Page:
Invasive candidiasis has similar symptoms to a bacterial or viral infection including fever and chills. Candidiasis is often suspected if you have these symptoms but do not feel better after taking antibiotics, which are used to treat bacterial infections. You may experience additional symptoms if an invasive infection goes beyond the bloodstream to affect other parts of the body.

What Causes Yeast Infections?

Candida albicans, a type of yeast, is found in the mouth, esophagus, and gastrointestinal tract and usually is not an issue. When something causes an overgrowth of this yeast (or any other species of yeast) in one or more parts of the body, then it becomes an infection.

Risk Factors

Yeast infections are "opportunistic infections," which means they typically appear in people with compromised immune systems. Some particular types of yeast infections have their own specific risk factors. For example, risk factors for vaginal candidiasis include using oral contraceptives (birth control), being pregnant, or having diabetes.

Other risk factors for developing a yeast infection include:

  • Being an active smoker
  • Antibiotic usage
  • Chemotherapy
  • Deficiencies in vitamins such as vitamin A, B6, and iron
  • Being an infant or older adult
  • Having dry mouth
  • Long or frequent hospital stays
  • Certain medical devices like intravenous catheters (a device used to draw blood and/or distribute treatment to the blood)
  • Artificial heart valves
  • Poorly maintained dentures


Your healthcare provider may perform slightly different tests to diagnose a yeast infection, depending on where in the body you are having symptoms. They will likely begin by asking you to describe your symptoms, list what medications you are taking, and discuss your medical history.

They will likely take a sample from the affected site such as a sample of vaginal discharge for a vaginal yeast infection or a mouth swab for oral candidiasis. If invasive candidiasis is suspected, you may be asked to obtain a blood sample to look for evidence of yeast in your bloodstream. The results from these samples are typically ready in a few days.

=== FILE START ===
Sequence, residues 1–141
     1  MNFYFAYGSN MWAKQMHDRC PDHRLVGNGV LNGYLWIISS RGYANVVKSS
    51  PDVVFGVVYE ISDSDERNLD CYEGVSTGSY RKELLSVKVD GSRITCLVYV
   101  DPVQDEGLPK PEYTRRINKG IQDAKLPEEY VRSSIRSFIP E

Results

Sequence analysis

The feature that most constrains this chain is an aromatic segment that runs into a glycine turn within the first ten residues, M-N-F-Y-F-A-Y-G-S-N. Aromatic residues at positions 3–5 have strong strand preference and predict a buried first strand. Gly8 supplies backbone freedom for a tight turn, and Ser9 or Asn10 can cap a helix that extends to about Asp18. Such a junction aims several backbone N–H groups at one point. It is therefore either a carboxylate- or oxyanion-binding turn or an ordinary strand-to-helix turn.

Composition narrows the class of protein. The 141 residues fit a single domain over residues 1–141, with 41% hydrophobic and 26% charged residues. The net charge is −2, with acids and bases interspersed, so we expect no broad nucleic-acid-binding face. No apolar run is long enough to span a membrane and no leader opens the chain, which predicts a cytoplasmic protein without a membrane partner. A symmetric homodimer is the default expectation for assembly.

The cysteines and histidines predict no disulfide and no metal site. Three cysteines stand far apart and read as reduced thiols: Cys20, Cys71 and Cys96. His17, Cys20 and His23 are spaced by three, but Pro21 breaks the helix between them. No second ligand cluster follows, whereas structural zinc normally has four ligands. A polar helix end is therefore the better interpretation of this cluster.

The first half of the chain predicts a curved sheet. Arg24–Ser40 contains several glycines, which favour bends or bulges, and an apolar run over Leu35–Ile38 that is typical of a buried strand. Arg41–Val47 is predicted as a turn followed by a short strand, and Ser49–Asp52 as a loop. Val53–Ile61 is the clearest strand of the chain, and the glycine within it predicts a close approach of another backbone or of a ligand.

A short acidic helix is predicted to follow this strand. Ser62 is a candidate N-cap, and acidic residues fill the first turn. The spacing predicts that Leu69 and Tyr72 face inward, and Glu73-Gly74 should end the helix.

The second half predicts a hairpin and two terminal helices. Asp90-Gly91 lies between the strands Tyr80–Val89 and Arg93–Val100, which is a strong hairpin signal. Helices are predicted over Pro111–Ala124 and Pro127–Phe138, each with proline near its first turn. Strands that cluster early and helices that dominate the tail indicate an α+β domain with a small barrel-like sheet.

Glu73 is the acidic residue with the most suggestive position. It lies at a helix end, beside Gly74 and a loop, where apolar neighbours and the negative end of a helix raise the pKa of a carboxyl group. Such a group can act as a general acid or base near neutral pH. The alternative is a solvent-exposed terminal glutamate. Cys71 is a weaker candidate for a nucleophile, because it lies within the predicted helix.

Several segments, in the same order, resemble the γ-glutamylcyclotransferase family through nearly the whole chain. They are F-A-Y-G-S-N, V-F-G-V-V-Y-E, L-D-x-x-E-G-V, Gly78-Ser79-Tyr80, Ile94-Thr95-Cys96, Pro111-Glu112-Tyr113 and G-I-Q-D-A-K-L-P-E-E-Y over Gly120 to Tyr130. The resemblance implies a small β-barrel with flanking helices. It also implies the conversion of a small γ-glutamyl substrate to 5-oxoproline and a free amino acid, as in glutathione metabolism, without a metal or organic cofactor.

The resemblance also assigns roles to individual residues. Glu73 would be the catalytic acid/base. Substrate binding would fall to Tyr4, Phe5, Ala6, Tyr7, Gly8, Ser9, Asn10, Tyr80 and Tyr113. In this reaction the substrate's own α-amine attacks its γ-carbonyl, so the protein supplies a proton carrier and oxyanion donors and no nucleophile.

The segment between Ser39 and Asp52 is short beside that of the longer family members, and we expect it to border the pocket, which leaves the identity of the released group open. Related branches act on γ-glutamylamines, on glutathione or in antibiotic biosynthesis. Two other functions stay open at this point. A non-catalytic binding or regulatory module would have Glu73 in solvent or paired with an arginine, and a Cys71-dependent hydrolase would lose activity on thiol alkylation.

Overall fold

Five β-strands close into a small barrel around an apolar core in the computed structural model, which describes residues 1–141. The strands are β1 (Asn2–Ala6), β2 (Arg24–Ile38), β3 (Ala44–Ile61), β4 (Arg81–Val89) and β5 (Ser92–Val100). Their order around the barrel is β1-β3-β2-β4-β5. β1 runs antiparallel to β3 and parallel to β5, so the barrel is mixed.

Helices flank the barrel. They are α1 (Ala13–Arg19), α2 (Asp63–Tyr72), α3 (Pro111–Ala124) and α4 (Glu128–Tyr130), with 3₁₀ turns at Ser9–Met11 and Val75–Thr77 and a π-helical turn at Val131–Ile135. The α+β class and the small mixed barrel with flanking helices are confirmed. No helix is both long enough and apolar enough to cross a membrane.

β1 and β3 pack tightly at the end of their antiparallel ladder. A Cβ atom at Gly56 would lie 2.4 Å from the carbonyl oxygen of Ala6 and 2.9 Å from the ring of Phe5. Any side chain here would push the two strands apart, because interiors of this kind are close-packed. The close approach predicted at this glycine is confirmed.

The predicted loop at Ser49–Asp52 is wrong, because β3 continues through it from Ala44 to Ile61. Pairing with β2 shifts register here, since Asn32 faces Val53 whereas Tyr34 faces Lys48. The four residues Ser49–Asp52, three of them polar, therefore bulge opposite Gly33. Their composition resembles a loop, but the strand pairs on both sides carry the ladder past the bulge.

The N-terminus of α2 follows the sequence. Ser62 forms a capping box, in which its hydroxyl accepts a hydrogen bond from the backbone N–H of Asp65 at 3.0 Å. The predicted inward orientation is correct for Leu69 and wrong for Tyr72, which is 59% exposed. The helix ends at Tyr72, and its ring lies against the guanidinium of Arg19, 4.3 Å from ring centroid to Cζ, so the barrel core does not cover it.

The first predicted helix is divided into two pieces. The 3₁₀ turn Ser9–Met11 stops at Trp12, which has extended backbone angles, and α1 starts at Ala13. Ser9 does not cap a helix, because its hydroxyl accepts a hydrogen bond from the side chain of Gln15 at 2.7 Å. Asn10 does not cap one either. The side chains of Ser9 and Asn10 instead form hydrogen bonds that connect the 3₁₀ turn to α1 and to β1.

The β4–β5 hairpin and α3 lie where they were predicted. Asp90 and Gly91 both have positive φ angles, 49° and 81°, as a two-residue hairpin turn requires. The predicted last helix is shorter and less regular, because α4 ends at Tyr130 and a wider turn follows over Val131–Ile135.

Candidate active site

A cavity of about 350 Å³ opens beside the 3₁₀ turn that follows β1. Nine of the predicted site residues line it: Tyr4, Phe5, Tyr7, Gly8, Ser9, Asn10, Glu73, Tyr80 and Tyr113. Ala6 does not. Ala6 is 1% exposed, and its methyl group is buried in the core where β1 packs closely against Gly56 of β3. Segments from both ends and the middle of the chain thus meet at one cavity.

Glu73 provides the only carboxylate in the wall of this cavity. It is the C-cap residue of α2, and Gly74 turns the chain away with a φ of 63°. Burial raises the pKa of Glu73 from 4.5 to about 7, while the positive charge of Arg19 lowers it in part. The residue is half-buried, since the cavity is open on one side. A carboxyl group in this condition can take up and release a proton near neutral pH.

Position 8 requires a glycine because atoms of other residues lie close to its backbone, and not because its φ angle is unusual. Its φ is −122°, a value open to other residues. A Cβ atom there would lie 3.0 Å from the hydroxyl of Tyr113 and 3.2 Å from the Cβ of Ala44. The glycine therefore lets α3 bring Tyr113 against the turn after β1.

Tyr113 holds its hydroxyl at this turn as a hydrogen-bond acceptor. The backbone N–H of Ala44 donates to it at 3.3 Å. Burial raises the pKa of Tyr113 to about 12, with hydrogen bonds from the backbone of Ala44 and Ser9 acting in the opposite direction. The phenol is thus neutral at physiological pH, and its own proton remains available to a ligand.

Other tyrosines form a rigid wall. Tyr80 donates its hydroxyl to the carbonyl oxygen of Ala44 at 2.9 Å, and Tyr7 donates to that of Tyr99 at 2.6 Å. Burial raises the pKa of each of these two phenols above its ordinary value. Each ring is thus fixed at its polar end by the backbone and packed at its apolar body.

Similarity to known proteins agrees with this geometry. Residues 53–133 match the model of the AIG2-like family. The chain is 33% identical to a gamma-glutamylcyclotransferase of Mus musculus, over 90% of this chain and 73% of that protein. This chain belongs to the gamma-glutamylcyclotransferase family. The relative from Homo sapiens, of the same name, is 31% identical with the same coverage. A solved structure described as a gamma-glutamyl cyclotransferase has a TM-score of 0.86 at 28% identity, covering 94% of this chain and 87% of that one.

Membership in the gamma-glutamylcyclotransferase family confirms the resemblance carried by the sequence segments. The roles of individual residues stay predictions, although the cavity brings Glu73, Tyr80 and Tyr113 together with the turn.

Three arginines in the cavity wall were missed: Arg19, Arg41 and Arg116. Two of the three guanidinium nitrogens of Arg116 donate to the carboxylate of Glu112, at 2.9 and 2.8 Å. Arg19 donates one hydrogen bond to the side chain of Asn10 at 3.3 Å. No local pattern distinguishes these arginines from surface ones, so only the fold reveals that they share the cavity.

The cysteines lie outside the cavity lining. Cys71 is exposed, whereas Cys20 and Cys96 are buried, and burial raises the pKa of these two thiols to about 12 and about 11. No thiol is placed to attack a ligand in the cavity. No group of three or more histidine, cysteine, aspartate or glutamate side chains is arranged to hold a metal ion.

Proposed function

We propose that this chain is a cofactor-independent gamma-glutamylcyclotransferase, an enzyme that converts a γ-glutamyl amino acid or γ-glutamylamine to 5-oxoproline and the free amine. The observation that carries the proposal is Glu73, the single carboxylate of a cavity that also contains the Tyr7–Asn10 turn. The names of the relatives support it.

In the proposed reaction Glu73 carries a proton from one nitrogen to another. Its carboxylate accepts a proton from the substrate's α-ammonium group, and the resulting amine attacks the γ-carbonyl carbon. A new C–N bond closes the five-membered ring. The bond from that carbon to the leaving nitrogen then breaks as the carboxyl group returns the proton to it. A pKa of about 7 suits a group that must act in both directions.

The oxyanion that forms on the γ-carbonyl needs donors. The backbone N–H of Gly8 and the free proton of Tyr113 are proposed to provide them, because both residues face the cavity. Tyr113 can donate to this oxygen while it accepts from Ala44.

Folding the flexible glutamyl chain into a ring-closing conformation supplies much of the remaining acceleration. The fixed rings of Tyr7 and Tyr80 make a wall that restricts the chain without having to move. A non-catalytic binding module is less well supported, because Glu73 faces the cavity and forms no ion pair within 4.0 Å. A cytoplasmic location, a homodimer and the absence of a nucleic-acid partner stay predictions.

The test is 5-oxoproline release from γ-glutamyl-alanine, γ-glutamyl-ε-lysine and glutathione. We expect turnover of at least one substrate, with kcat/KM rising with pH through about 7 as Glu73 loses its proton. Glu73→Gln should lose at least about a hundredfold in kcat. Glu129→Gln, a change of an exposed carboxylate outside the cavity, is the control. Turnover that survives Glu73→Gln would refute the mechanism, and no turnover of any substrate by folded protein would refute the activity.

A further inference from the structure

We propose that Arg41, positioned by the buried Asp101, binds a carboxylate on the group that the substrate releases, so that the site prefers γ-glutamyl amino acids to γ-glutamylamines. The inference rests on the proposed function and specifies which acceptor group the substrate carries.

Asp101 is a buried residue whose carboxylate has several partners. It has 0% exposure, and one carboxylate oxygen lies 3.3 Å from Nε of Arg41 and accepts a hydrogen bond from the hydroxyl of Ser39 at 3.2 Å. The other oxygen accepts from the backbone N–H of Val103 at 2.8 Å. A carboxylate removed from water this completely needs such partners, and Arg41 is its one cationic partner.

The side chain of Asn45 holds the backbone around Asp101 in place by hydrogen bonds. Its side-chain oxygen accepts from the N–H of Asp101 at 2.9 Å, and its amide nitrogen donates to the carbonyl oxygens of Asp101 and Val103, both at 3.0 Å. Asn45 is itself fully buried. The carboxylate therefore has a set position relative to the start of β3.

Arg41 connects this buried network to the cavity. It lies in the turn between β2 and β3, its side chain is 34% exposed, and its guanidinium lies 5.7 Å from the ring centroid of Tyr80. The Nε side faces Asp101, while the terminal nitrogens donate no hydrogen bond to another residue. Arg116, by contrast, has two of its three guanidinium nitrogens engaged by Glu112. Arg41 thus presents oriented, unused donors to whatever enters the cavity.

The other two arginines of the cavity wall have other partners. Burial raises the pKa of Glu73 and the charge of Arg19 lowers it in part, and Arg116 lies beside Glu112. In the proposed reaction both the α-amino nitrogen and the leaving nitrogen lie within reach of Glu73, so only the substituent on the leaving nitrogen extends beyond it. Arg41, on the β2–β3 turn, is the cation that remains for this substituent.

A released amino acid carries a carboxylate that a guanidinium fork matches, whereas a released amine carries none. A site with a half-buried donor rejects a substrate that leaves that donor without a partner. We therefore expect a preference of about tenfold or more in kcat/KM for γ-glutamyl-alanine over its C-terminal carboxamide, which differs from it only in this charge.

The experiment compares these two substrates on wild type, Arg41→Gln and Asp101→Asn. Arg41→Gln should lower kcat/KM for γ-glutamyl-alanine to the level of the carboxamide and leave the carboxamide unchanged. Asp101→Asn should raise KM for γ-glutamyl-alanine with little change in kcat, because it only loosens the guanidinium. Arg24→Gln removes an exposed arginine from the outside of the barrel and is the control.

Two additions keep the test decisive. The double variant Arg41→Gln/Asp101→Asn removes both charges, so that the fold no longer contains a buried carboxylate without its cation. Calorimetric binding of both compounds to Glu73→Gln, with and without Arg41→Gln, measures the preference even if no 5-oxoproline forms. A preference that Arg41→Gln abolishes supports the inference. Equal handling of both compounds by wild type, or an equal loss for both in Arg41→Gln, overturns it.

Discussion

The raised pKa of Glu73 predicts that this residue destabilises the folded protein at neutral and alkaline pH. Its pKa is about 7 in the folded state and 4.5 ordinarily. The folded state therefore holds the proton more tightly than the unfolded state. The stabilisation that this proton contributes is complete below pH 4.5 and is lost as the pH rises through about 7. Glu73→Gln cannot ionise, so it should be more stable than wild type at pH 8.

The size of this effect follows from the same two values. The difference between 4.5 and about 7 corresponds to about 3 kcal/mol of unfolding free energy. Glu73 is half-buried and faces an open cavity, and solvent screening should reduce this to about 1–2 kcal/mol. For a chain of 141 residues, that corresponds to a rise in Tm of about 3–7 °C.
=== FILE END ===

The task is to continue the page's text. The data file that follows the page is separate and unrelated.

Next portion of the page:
There may also be times when a provider is confident in their diagnosis and begin treatment without obtaining a sample first.

Treatments for Yeast Infections

The treatment your provider recommends for your yeast infection will depend on several factors such as:

  • Where the infection is
  • How severe it is
  • Your age
  • The status of your immune system

Local mucocutaneous infections are often treated in a week or two by applying an antifungal medicine in forms such as creams, powders, or mouthwashes to the affected area as well as pills that can be taken orally. Common If this first treatment does not work or you have recurrent infections, your provider may recommend a longer course of oral medication, try another type of oral medication, or give you an antifungal medication through an IV.

Common Yeast Infection Drugs
Area of Infection Drug Name Drug Type Prescription or OTC
Vulva and/or vagina Monistat (miconazole) Cream + suppository OTC
Vulva and/or vagina Gyne-Lotrimin (clotrimazole) Cream or tablet OTC
Vulva and/or vagina Gynazole or Femstat (butoconazole) Cream suppository Prescription
Vulva and/or vagina Vagistat or Gyno-Trosyd (tioconazole) Cream + suppository OTC
Vulva and/or vagina Terazol (terconazole) Suppository OTC